The two-dimensional gel electrophoresis (2-DE) entails the separation of proteins based on their isoelectric point (pI) (first dimension, by isoelectric focusing (IEF)) and their molecular weight (MW) (second dimension). During the IEF, proteins migrate through a thin gel-strip embedded with immobilized pH gradients. Migration ends when proteins reach their pI. Proteins are then separated in the second dimension (orthogonal direction) by Sodium Dodecyl Sulfate Poly-Acrylamide Gel Electrophoresis (SDS-PAGE), where SDS imparts a net negative charge, allowing proteins to separate according to MW. Proteins can be visualized using visible stains such as Coomassie blue and silver staining, or fluorescent stains such as Sypro ruby or Ru(II) tris (bathophenanthroline disulfonate) (RuBPs) staining. Although RuBPs and silver staining have a comparable sensitivity, RuBPs has good linearity, high contrast and is compatible with MS analysis. This colorant is excited by UV light of wave length around 473/488 nm. After detection of the proteins in the gels, the resulting images are quantitatively analysed to determine proteoforms (spots) changing in the experimental conditions. Those spots are excised and submitted to in-gel digestion (generally with trypsin). The resulting peptides are then eluted and analysed by MS (Rabilloud and Lelong, 2011).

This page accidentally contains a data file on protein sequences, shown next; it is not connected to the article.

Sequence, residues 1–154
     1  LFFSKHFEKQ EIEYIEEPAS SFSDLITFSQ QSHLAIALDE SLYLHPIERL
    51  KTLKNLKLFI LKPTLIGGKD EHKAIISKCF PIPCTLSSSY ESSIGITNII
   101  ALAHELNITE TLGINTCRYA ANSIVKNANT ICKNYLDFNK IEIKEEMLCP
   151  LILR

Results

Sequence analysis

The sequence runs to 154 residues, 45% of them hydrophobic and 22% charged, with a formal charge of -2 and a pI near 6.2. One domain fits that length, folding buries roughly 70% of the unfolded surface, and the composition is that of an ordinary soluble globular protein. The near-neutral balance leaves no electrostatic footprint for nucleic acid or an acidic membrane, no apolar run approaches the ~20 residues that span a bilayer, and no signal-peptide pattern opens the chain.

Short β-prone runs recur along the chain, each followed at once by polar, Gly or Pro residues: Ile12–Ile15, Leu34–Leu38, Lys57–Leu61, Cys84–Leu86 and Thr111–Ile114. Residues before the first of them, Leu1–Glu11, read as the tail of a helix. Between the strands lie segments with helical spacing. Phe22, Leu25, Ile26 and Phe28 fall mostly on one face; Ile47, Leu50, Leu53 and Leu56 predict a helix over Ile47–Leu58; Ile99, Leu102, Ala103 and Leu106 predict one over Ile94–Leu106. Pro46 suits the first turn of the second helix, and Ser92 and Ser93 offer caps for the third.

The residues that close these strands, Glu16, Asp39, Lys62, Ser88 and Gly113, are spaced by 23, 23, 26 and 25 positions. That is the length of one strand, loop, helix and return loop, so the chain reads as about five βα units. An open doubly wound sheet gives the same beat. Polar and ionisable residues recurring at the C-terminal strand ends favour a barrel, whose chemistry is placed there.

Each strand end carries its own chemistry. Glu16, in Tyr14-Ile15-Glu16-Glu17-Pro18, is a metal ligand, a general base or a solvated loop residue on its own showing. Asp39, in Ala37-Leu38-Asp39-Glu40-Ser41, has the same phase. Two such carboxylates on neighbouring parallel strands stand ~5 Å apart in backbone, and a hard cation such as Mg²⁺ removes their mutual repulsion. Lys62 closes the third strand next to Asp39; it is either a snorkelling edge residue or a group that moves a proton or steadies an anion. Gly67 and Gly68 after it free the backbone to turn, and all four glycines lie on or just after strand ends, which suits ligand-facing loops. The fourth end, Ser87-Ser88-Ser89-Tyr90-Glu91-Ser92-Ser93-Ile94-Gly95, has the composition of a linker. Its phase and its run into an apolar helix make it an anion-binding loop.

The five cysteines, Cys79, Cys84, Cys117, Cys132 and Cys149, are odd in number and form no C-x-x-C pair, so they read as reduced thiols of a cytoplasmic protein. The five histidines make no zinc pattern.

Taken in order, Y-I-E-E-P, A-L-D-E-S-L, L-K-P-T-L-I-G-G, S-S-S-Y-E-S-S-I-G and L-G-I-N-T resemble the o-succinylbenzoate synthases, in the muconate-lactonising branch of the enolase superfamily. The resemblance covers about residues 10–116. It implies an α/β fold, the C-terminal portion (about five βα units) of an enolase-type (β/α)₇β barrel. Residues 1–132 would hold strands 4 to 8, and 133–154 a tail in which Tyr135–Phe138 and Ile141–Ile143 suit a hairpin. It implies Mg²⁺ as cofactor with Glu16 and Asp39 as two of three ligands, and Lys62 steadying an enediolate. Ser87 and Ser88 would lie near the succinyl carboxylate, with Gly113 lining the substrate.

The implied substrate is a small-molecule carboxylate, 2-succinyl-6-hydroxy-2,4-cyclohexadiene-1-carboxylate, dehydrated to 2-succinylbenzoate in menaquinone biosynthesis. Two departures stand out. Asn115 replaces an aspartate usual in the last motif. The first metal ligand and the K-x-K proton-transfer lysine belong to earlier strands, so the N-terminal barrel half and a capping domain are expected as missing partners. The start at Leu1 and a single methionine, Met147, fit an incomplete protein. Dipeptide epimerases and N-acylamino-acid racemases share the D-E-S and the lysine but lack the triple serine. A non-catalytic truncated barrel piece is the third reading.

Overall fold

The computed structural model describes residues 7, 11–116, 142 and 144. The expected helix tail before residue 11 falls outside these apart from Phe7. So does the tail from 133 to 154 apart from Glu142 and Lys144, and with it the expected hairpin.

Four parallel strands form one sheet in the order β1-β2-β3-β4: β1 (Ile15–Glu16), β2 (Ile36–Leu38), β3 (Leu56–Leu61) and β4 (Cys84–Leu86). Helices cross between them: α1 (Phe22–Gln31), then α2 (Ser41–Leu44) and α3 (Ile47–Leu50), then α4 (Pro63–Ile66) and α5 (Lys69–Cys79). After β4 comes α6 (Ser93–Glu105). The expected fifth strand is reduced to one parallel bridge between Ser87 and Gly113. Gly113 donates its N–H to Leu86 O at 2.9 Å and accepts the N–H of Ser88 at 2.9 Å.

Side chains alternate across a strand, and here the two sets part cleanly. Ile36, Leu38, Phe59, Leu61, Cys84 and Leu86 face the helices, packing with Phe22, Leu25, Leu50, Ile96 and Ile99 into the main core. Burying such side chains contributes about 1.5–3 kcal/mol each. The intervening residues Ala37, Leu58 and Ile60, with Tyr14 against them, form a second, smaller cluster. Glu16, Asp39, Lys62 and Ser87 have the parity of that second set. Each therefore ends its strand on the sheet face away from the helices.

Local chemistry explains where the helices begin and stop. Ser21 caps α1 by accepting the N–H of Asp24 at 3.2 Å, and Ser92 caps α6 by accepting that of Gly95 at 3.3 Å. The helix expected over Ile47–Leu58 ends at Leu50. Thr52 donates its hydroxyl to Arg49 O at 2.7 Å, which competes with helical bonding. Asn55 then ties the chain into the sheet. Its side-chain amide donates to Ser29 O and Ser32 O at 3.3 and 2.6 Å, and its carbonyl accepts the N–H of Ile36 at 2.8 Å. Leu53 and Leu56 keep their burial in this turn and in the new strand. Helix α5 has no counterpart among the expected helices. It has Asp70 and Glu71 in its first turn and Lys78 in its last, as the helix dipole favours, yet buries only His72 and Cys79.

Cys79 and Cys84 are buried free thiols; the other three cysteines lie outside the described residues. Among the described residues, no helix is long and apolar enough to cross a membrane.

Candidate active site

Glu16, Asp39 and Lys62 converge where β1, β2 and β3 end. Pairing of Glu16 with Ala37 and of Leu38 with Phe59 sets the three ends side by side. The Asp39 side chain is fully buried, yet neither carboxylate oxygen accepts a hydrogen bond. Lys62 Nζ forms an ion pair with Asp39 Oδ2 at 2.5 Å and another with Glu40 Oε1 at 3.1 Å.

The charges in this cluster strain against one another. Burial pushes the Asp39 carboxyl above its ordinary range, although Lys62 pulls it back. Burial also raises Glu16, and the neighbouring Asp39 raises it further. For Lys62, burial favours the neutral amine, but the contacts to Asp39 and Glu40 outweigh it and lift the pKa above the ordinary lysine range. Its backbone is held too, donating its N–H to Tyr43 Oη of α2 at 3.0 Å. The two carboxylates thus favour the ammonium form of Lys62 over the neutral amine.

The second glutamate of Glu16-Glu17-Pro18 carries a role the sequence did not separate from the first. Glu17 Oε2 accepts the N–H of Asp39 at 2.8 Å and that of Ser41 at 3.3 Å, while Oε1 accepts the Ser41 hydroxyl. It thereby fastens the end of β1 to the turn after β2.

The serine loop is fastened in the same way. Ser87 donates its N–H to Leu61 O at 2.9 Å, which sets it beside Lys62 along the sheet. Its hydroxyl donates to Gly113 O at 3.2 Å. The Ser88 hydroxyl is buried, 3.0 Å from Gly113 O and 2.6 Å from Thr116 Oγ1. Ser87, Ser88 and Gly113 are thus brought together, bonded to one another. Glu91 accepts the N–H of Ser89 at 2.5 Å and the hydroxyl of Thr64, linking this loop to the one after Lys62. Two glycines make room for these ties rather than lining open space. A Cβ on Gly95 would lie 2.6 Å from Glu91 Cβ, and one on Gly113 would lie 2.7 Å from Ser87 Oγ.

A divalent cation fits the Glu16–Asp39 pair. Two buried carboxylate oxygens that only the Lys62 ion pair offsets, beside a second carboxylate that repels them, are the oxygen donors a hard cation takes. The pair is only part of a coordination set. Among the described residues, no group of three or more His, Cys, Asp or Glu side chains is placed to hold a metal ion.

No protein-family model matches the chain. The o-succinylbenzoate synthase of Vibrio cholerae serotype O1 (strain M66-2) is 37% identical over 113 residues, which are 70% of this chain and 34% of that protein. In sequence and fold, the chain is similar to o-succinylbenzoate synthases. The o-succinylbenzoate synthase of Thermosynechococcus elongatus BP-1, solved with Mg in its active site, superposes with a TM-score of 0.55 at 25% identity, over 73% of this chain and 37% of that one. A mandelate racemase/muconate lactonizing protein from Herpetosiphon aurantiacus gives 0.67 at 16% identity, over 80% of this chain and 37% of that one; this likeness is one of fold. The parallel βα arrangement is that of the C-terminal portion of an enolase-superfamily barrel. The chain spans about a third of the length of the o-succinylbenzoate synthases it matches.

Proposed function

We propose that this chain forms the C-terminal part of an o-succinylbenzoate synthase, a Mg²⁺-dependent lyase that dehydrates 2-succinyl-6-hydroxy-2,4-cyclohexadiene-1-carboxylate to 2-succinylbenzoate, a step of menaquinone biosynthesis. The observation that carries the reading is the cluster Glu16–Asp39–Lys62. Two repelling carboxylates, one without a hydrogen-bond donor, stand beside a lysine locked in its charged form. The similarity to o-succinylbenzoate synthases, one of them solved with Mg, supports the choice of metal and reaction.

2-DE analysis provides several types of information about the hundreds of proteins investigated simultaneously, including MW, pI and abundance, as well as possible post-translational modifications. 2-DE is extensively used but mostly for qualitative experiments. Indeed, this method falls short of reproducibility, it unlikely detects low abundant and hydrophobic proteins, proteins with pI < 3 or pI > 10 and with MW < 10 kDa or MW> 150 kDa. However, 2-DE is the only technique that can be routinely applied for parallel quantitative expression profiling of complex protein mixtures, such as whole cell and tissue lysates, and the most widely used method for efficiently separating proteins, their variants and modifications (Chandramouli and Qian, 2009).

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Introduction

Gel-free techniques: MS-based proteomics